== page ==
• Nell Minow

    Thanks, Brian — the books are complex and assume that the reader is attentive and thoughtful, which is part of what makes them so good. I think your family will enjoy the movie — let me know what you think!

  • Steve P.

    My daughter absolutely loved this movie. We went early this morning – she’s a second grader, and wasn’t scared at all – I’d recommend this for Kindergarten and up. Probably not for the toddlers or pre-schoolers. What a beautiful movie – enjoy!!

  • Nell Minow

    I’m delighted to hear it, Steve! I think second to sixth-graders and their families will really appreciate this gorgeous film.

  • http://NA Jake

    Actually, this film will also appeal to post-3rd grade groups such English majors and writers. 😉 It’s filled with irony, complex parallels, and some quite brilliant world-building. I’d have to say that the only thing that really detracts from the experience for older viewers is Sigourney Weaver’s slightly condescending narration. Other than that, it’s still a funny, smart watch for the playfully analytical.

  • Nell Minow

    Thanks for a great comment, Jake! Beautifully expressed and I agree entirely. One of my frustrations with the way this site is set up is that the age recommendations are very inflexible but there is always an implied “and up” after the suggested age range. I’m so glad you enjoyed the film and I hope you will visit often and let me know what you think about the movies you see.

  • jestrfyl

    I was a little disappointed by the book. However, I realized the animation potential. When I saw the trailer I was thrilled – the visuals almost re-define animation; extremely well done. Sadly, I feel the story is once again not living up to the potential. I will go see the film, but only once it makes its way to the dollar cinema.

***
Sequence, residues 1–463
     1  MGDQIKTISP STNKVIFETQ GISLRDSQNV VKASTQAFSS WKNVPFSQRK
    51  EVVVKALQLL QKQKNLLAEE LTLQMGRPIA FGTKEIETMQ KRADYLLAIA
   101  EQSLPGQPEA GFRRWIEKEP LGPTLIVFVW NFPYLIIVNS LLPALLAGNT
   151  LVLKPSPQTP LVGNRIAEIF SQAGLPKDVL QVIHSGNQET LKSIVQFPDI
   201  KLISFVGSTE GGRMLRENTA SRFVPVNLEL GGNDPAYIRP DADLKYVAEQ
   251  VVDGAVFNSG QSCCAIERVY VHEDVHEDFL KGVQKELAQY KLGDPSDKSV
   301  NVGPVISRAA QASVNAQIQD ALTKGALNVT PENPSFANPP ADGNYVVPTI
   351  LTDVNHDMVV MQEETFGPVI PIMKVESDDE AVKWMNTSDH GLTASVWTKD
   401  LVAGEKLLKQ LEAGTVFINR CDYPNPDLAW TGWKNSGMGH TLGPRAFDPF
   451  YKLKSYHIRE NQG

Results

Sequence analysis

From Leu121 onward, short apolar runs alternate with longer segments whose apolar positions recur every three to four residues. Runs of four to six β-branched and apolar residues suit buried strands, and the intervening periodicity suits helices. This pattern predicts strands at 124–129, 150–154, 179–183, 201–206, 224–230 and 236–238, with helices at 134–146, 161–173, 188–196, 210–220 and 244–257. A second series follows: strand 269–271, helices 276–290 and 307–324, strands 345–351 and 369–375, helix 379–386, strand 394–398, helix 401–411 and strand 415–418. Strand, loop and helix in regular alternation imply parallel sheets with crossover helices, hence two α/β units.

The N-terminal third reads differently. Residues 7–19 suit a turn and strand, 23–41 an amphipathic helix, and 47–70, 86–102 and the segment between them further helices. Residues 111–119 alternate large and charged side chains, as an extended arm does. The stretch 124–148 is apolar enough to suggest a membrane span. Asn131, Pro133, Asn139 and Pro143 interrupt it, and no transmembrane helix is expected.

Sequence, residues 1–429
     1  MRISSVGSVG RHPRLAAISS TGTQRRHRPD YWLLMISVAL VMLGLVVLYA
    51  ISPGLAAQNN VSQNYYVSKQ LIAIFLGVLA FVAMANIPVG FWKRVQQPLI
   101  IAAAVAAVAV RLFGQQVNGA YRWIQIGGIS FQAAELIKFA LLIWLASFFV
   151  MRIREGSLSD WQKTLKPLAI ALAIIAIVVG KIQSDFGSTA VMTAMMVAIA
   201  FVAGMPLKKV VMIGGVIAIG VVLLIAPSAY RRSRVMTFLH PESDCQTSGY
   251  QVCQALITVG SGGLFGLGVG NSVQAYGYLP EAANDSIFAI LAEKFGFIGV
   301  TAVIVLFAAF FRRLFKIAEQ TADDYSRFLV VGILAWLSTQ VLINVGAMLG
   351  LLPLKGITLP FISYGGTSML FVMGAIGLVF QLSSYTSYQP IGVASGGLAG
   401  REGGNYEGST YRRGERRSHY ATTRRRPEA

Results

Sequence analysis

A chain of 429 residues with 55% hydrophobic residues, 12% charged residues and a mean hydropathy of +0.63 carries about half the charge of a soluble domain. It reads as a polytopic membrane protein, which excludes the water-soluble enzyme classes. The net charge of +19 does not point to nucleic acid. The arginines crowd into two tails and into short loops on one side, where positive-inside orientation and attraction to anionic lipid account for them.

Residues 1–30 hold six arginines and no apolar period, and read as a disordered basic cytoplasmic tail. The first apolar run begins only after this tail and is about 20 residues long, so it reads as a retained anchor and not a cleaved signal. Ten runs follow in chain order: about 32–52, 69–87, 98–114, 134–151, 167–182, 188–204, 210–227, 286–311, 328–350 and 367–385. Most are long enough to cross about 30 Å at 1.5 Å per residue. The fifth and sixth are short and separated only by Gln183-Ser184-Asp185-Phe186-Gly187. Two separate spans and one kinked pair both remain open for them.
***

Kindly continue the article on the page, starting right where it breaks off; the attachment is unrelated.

One the subject of animation, what do you know about the newest Studio Ghibli film; will it come to the states? I thought the great director Miyazaki was retiring. Any clue or hope will be gratefully received.

  • Nell Minow

    A couple of weeks ago Miyazeki announced two new films from his “young staff.” I don’t know how much involvement that means from him. “Ponyo on the Cliff by the Sea” has announced English-speaking voice talent: Matt Damon, Tina Fey, Cate Blanchett, Liam Neeson, Lily Tomlin, Betty White, Fankie Jonas, Noah Cyrys and Cloris Leachman And it is expected to come to the US in 2009. If I hear any more, I’ll post it!

  • jestrfyl

    Thanks! I believe I actually saw a trailer for this film once – my kids and I got all excited. This is a powerhouse studio – artistic in the extreme, good storytellers, and imaginative. It is no wonder the Lasseter of Pixar Studios promotes these so hard. I look forward to the film and your comments on it.

  • Scott Farrell